UK economy outlook bleak amid Brexit, debt woes and rising inflation
Confidence in UK housing market at five-year low
UK high street sales crash at fastest rate since 2009
Number registering as insolvent in England and Wales hit a five-year high in Q3
UK public finance hole of almost 20bn in the public finances set to grow to36bn by 2021-22
Protect your savings with gold in the face of increased financial woes in UK
This week markets will be watching the UK with baited breath as the Monetary Policy Committee meets this Thursday to discuss a potential rate rise.
Expectations of a rise have increased to 80% in the last week.If the Bank of England does raise rates it will be for the first timein a decade. It is unlikely to be a dramatic increase though, probably arise of 25 basis points to reverse the emergency rate cut which followed the Brexit vote.
Should the UK decide to raise rates this will likely boost confidence somewhat in the economy. However any increase in positivityregarding the UK will be short lived once markets realise it will take more than a small rate rise to get the country out of the huge red hole it is currently digging its way into.
Brexit is being blamed for the majority of the UK’s woes at present, however this is merely a politician’s scapegoat. Confidence in the UK housing market has slipped to its lowest level in five years, family spending power has declined in five out of the last six months, the hole in public finances is likely to increase over 100% from the initial forecast by 2020, personal insolvencies are at a five year high and inflation has hit 3%.
These plus many more financial and economic problems have long been brewing. Problems with money naturally lead to social problems which end up exacerbating themselves further as individuals find continue to struggle on a daily basis.
Sadly the UK is in a real state of limbo thanks to Brexit, how the government will manage to solve the other significant issues such as rising debt levels (public and private), inflation and a slowing economy whilst managing EU negotiations is a feat yet to be witnessed.
We have been approaching a juncture for some time where we must decide as individual savers, investors, pensioners and future pensioners what the best way to prepare for the future is. Do we stand back and believe that the government has our best interests at heart or do we prepare for their failure? Their inability to support the value of the pound, protect interest rates, avoid bank bail-ins and solve the debt crisis are all situations that could see our own savings put at real risk.
Falling confidence both in and inside the UK
Despite expectations of a rate rise, sterling stumbled in October thanks to weak economic data and more negative headlines regarding Brexit.
What’s the one thing governments like to say positively about a weak currency? That it’s good for exportsbut not in the UK it’s not.
Aswe explained earlier this month, a much revered boost to UK exports following the Brexit vote was most likely down to our gold market. Now that the Chinese have calmed down on their gold shopping spree we are seeing what state the rest of the export market is really in.
The trade deficit in goods hit a record high, as the gap between what the UK bought and sold widened in August to 14.2bn. That was much bigger than expected, and up from 12.8bn in July. Imports surged by 4.2% during the month, while exports only rose by 0.7%. The overall trade deficit, including services, widened to 5.6bn in August from 4.2bn in July.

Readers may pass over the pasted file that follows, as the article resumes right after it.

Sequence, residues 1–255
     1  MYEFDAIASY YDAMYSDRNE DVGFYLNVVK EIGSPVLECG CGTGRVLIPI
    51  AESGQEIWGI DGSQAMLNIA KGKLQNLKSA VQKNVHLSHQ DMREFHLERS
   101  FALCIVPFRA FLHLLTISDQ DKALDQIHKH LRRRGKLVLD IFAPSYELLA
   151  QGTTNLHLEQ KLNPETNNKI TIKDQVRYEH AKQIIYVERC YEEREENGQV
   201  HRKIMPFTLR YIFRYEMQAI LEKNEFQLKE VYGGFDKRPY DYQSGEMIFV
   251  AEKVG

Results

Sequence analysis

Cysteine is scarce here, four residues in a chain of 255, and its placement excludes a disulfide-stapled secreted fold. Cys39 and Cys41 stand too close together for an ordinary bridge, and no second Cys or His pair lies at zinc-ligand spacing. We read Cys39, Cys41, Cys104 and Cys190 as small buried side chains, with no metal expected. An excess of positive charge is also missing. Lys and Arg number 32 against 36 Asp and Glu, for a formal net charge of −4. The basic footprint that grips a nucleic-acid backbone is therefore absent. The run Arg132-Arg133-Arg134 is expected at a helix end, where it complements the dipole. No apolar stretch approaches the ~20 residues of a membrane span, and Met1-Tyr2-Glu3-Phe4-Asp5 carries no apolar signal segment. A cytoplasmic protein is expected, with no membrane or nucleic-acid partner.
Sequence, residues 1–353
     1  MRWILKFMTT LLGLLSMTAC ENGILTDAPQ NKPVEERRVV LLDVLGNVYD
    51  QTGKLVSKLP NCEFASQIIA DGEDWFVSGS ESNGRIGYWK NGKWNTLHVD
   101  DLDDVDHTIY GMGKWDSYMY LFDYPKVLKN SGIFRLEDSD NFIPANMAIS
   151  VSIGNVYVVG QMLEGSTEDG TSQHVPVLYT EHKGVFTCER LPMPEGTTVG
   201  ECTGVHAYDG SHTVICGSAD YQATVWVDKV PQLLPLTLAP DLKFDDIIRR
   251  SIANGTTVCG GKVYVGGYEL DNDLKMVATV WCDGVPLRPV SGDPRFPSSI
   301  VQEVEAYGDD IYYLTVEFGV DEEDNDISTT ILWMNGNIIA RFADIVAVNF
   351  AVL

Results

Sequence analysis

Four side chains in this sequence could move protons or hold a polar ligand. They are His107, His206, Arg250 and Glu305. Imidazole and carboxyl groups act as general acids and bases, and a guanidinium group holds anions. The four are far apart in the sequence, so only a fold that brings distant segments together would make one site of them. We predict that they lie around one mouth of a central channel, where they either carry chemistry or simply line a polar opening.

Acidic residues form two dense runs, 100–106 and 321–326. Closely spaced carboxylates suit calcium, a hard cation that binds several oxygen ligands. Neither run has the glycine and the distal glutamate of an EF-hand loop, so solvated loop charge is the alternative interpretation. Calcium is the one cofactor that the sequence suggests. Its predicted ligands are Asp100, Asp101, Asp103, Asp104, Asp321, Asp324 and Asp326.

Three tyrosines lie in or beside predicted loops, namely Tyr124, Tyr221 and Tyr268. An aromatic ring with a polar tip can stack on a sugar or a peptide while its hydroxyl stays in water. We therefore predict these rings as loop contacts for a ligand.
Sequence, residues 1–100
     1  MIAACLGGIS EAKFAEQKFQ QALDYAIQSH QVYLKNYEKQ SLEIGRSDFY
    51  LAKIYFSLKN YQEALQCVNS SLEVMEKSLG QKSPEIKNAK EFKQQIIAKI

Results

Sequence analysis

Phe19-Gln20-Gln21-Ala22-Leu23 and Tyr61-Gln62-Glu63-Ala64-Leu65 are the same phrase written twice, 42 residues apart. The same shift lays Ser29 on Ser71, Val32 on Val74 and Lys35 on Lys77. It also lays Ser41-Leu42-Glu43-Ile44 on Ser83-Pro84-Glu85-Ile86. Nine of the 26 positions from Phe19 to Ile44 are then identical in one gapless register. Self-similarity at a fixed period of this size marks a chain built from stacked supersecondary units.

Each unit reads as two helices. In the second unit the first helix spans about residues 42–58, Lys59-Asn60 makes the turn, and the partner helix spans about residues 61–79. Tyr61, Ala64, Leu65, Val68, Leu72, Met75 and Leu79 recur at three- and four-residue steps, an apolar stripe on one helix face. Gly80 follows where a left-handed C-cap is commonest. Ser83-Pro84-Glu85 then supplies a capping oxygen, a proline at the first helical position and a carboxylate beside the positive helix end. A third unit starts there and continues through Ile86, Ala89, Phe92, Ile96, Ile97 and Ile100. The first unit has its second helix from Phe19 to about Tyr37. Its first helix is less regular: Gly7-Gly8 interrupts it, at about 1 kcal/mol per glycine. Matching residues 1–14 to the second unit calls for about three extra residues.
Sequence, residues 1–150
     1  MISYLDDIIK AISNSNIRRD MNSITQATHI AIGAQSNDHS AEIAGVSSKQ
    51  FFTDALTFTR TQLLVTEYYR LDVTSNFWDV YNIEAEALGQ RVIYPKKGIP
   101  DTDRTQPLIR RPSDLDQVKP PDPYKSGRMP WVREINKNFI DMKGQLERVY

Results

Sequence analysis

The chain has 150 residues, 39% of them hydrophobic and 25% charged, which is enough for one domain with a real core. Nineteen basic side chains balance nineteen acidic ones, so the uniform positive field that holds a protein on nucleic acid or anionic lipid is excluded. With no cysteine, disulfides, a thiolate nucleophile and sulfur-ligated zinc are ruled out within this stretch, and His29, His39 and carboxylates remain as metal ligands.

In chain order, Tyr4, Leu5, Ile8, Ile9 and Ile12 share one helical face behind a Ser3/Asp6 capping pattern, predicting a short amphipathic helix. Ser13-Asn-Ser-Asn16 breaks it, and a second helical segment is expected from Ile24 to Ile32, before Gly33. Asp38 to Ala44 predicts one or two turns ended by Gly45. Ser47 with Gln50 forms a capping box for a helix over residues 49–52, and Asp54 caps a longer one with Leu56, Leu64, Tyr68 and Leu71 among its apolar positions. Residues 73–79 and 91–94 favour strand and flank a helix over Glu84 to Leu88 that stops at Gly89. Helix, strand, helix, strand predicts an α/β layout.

and from within things aren’t much better
Currency and export markets are not the only ones having a problem with the UK. There are nervous feelings much closer to home in people’s own homes and on the high street.
A Halifax bank survey found one in five British adults surveyedexpect house prices to fall over the next 12 months. This isthe weakest reading for consumer expectations since October 2012.
This negativity regarding the housing market is thanks to concerns over the economy, weak wage growth and concerns over rising inflation. For years the UK government has rallied around the UK housing market, convincing citizens that owning a home was a right of passage. It seems the jig is up.
Most new buyers are losing faith in the housing market as not only is the cost of borrowing set to raise but raising the funds for a deposit is near impossible. In the three months to August there was negative wage growth, bringing the total number of months of negative growth to six for 2017, alone.
In all regions of the UKincomes have failed to rise by more than the current inflation rate of 3%. This is not only placing pressure on the housing market but also on consumer spending.
A ‘steep drop’ in retail sales was reported in the CBI survey this month, alongsideorders placed with suppliers dropping at theirfastest rate since the spring of 2009.
But people still need to eat, clothe themselves, keep a roof over their families’ heads and this is where the government has gone so badly wrong. By fuelling an era of cheap credit, stealthflation, zero-hour contracts and low wage growth families and individuals no longer know how to survive on their wage packets.
The annual rate of growth of consumer credit climbed is currently at 9.9%, having been as high as 10% in the summer.
According to Bank of England data, another 641m was put onto plastic in the month of September, the sharpest increase in debt since May 2016.The total credit card debt stock reached 69.4bn, the highest on record.
Unsurprisingly, this isn’t sustainable.The number of people registering as insolvent in England and Wales hit a five-year high in the third quarter
The number of those registering as insolvent is only set to get worse should interest rates rise.A hike wouldpush up the cost of both secured and unsecuredborrowing.
AsGillian Guy, the chief executive of Citizens Advice, told the Independent: